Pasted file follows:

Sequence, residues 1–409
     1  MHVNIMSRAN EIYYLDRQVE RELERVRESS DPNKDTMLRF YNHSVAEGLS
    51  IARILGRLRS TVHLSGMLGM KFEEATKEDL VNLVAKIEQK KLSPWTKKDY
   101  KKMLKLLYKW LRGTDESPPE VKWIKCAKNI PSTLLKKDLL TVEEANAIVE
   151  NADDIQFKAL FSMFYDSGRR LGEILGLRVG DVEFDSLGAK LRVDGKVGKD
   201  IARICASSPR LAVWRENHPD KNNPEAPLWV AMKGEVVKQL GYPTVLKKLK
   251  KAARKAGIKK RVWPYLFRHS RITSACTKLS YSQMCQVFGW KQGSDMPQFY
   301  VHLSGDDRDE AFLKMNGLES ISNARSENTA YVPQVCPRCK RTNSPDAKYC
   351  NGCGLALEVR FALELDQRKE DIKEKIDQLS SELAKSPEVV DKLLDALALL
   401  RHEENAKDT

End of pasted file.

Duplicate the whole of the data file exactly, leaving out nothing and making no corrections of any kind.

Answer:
Sequence, residues 1–409
     1  MHVNIMSRAN EIYYLDRQVE RELERVRESS DPNKDTMLRF YNHSVAEGLS
    51  IARILGRLRS TVHLSGMLGM KFEEATKEDL VNLVAKIEQK KLSPWTKKDY
   101  KKMLKLLYKW LRGTDESPPE VKWIKCAKNI PSTLLKKDLL TVEEANAIVE
   151  NADDIQFKAL FSMFYDSGRR LGEILGLRVG DVEFDSLGAK LRVDGKVGKD
   201  IARICASSPR LAVWRENHPD KNNPEAPLWV AMKGEVVKQL GYPTVLKKLK
   251  KAARKAGIKK RVWPYLFRHS RITSACTKLS YSQMCQVFGW KQGSDMPQFY
   301  VHLSGDDRDE AFLKMNGLES ISNARSENTA YVPQVCPRCK RTNSPDAKYC
   351  NGCGLALEVR FALELDQRKE DIKEKIDQLS SELAKSPEVV DKLLDALALL
   401  RHEENAKDT